In War of Words, Michael Phelps Has Opportunity to Respond

Photo Courtesy: Peter Bick

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By David Rieder

Few athletes can channel motivation the way Michael Phelps can. Many have tried using trash talk to get into Phelps’ head over the years, most notably Milorad Cavic prior to going head-to-head with Phelps in the 100 fly at both the 2008 Olympics and 2009 World Championships. Both times, Cavic’s words came back to bite him as each time Phelps responded to the wordy gauntlet with swift second-half splits and impressive touch-out victories.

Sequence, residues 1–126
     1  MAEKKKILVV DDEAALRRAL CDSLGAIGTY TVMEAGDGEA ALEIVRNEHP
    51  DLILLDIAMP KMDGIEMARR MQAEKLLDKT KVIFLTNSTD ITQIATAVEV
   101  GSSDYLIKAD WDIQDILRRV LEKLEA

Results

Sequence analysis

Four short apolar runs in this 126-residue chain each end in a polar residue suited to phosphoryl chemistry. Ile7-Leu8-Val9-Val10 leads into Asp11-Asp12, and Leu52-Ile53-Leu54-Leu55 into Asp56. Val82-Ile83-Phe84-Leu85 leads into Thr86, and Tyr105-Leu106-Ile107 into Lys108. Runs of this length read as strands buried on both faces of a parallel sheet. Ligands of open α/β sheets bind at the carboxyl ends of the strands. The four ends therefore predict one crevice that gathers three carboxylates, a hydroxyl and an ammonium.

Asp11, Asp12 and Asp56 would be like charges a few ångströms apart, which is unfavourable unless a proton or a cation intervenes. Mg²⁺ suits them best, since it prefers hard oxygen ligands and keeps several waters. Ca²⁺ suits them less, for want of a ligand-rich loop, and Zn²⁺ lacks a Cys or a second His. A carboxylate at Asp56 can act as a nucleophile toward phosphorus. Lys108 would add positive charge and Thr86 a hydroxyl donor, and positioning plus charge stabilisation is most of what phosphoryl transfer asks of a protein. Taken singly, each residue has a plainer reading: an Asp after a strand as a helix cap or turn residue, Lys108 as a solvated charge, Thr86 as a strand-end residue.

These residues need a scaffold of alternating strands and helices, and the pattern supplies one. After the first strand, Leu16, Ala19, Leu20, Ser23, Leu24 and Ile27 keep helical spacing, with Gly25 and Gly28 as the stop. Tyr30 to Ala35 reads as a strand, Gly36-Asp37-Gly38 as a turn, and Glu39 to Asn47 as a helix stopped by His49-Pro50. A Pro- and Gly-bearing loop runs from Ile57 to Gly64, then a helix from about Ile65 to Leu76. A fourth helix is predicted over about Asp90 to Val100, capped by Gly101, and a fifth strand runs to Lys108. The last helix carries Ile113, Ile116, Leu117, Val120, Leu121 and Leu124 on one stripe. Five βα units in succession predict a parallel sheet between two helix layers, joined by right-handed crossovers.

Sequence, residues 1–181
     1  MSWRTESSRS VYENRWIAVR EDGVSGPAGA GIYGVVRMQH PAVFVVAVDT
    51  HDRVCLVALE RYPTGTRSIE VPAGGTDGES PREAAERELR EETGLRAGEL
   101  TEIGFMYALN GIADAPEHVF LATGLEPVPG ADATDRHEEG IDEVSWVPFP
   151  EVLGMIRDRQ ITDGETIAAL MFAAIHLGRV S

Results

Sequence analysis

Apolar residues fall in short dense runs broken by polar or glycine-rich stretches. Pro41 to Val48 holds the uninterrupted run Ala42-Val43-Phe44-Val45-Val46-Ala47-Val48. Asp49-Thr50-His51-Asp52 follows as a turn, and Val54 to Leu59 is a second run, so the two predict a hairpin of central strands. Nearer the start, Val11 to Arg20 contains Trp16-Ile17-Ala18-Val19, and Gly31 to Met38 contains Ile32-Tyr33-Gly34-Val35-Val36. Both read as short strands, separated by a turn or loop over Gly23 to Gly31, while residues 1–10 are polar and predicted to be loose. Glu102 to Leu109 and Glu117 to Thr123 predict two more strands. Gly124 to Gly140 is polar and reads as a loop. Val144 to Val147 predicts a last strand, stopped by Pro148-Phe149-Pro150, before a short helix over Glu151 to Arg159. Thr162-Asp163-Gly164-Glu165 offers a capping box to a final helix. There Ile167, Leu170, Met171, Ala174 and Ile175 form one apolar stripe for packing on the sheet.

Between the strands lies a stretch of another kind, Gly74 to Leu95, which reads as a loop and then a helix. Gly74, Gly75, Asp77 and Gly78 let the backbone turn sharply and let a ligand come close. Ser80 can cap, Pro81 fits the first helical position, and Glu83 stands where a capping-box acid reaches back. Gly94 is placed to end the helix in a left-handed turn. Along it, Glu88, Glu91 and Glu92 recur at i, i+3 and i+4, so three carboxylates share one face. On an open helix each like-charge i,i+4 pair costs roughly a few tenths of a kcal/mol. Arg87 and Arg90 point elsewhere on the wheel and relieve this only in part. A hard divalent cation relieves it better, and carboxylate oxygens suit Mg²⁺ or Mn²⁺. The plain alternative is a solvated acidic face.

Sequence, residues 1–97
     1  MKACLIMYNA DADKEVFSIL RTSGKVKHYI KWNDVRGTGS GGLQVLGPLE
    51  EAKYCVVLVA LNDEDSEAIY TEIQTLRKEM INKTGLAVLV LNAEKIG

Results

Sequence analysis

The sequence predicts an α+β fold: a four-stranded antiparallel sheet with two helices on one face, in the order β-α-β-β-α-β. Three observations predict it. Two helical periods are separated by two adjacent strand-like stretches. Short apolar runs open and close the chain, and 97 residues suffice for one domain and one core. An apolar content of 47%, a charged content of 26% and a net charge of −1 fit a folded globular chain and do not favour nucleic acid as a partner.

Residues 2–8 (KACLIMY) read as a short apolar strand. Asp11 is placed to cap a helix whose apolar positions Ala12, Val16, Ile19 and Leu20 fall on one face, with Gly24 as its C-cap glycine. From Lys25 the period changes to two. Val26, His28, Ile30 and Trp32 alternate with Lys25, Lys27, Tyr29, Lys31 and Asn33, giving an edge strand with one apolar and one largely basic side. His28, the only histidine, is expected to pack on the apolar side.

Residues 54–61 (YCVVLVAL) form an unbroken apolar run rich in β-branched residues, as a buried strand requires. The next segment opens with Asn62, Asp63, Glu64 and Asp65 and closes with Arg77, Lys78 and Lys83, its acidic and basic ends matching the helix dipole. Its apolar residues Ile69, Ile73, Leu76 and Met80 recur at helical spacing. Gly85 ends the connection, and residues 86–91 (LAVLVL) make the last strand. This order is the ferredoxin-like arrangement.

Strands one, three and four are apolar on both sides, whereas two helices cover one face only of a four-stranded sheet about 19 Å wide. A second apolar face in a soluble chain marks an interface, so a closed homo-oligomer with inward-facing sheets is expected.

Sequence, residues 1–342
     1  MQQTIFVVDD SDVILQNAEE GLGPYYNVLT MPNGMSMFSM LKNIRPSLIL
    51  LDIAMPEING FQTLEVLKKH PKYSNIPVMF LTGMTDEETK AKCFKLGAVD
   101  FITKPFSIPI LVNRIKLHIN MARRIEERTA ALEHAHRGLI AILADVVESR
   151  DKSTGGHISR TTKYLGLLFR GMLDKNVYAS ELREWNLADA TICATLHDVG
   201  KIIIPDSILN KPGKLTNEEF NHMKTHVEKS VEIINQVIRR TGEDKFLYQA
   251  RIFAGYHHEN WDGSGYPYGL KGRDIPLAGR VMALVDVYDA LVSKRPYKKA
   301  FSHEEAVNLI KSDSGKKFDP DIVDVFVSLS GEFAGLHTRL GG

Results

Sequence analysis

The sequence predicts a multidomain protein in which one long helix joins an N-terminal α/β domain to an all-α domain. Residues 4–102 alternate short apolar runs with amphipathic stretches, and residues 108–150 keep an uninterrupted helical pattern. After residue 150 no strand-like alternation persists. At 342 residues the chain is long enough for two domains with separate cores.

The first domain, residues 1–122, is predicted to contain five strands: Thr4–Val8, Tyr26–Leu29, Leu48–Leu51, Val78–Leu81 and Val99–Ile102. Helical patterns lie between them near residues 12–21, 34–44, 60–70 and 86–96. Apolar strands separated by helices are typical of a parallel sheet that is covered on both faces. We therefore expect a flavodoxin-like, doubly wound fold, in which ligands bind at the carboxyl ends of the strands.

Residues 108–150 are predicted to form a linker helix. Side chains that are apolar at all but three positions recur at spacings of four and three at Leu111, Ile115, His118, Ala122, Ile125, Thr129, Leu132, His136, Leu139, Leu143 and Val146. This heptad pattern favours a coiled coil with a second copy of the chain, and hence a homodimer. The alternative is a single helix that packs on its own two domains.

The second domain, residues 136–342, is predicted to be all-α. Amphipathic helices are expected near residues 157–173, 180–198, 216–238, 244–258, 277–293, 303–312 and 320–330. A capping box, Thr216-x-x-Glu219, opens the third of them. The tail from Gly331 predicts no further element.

Now, Phelps finds two familiar foes talking about him to the media after they occupied the first two spots in the 100 fly at the World Championships. Laszlo Cseh finished second in the 100 fly in 50.87 after earlier winning the 200 fly World title in 1:53.48. Cseh, who has stood on an international podium with Phelps nine different times but each time on a lower step, responded to Phelps’ world-leading 200 fly, a 1:52.94 from San Antonio on Friday night.

Phelps will have a look at Cseh’s quote before he swims in the 100 fly final tonight. But it’s the words of 100 fly World Champion Chad Le Clos that will really inspire the most-decorated Olympian of all time. Le Clos had already expressed his annoyance with Phelps calling out slow times recorded internationally in the fly events over the past few years, to which Phelps responded with his world-leading effort in the 200 fly on Friday. After Le Clos clocked 50.56 to win the 100 fly World crown, he airmailed a message express to San Antonio.